Natural nut butters are loaded with protein. But they're also chock-full of fat. If you want to avoid packing on extra pounds, decrease your consumption of real nut butters. A single tablespoon of raw almond butter is 100 calories. Although almond butter contains good amounts of fiber, protein, calcium and vitamin E, its high-calorie count can add up fast.
Instead of spooning out nut butters, try eating a handful of whole nuts. These contain the health benefits of nut butter but are lower in calories.
Avocados are nutritional powerhouses. You have probably heard they have the good monounsaturated fat that's awesome for heart health. Experts also claim that avocados are great for eye health, bone health, digestion, cancer prevention and natural detoxification.
So how can such a healthy fruit (yep, it's a fruit) make you gain weight? It all comes down to moderation. When eaten in moderation, avocados are a great superfood for your diet. However, when eaten in excess, they can potentially cause weight gain.
Avocados are high in calories and high in fat. This can cause you to feel tired after eating them, which can lead to overeating and weight gain.
4. Tropical Fruit
We can all agree: tropical fruit tastes amazing. Plus, fruits like pineapple, mangos, papayas and bananas are full of vitamins and antioxidants. Unfortunately, eating a bunch of these fruits could cause weight gain.
These fruits are loaded with natural sugar. Although natural sugars are easier for your body to process than processed sugars, they can still contribute to weight gain. Don't be afraid to grab a banana every once-in-a-while. But, if you find yourself craving fruit for your everyday snack, choose fruits lower in sugar like green apples, berries or pomegranates.
5. Natural Granola
Athletes who want to increase muscle mass usually go for granola. Granola is usually made with rolled oats, sugar and a combination of healthy fats like coconut oil and nuts. Some people stir in dried fruit for extra nutrients and flavor.
That being said, most store-bought granolas are high in sugar, which could potentially cause you to gain weight. Some brands are bigger culprits than others. If you're a granola addict, try to make your own granola instead of buying it at grocery stores. You can choose the toppings you like and sugars with a lower glycemic index like coconut sugar, honey, stevia and xylitol.
Eating healthy is the key to losing weight. But if you aren’t careful, what you eat can do just the opposite. Try to limit how much of these five foods you eat to help prevent gaining extra pounds.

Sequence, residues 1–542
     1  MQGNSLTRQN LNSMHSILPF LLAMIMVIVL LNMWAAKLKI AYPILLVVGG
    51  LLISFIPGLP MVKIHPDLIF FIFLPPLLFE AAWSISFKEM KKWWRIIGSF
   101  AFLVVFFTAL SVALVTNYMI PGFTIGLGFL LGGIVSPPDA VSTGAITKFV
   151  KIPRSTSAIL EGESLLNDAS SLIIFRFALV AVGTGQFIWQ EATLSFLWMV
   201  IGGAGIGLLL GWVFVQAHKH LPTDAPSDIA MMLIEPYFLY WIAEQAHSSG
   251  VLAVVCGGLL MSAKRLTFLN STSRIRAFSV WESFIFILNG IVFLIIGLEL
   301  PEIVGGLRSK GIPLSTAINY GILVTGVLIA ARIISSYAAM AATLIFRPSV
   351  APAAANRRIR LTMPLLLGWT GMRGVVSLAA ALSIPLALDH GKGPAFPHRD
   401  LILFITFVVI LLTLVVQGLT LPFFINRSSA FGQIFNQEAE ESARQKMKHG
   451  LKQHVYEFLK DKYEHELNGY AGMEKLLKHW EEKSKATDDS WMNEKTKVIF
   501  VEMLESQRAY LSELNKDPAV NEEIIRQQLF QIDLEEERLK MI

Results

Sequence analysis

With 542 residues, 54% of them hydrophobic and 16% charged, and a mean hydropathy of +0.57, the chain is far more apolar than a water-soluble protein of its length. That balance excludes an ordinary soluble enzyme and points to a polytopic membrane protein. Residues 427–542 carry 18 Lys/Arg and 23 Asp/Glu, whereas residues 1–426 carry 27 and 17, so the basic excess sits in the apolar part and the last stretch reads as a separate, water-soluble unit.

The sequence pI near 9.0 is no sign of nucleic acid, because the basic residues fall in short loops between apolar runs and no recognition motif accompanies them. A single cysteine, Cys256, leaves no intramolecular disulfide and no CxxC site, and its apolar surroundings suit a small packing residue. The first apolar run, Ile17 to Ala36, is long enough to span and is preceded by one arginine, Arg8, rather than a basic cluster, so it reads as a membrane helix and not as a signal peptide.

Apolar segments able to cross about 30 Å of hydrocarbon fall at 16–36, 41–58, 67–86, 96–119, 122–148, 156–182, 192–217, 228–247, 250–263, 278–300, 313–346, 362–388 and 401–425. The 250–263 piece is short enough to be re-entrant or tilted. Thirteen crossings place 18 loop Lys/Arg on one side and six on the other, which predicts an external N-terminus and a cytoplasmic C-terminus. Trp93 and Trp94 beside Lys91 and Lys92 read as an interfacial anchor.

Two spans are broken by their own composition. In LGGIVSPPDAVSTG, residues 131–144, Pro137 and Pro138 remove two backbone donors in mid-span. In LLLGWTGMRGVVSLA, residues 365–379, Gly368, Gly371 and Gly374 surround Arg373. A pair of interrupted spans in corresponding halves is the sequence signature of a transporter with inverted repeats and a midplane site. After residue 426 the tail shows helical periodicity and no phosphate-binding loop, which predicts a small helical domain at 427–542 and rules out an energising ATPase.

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Meditation has become part of mainstream Western culture like never before. That's no surprise when you consider its many benefits – from improved concentration to overall peace of mind.
But does meditation also help you lose weight? While researchers are still conducting studies on the topic, some research shows there is a connection between meditation and weight loss. Here are a few of the reasons why:
1. Meditation Reduces Stress
Stress has long been shown to trigger weight gain while hindering efforts to lose weight. Meditation may lower levels of cortisol – a stress hormone that has a huge impact on metabolism and insulin insensitivity. Cortisol helps you be more aware of what you're eating and why. Moreover, stress hormones tell the body to store extra weight while leading to physical problems that result in weight gain.
A study by Carnegie Mellon University showed that 25 minutes of daily meditation for three days significantly reduced stress. Another study showed that meditation prompts brain waves to shift into a relaxed state that's similar to sleep. This relaxation lowers your body's amount of stress hormones, which can decrease overeating and weight gain.
2. Meditation Improves Self-Control
Other studies show that meditation affects the parts of the brain that aid with self-control. Improved self-control helps you be more mindful of what you're eating and how much, and makes it easier to pass on unhealthy foods when you're feeling down or distressed.
3. Meditation Helps You Become More Mindful
Daily meditation practice helps you let go of the past and excessively thinking about the future. Your past may include previous attempts at weight loss that failed or faded away when results were slow in coming. You may also experience anxiety about the future, including whether or not you can consistently practice habits such as healthy eating and exercise.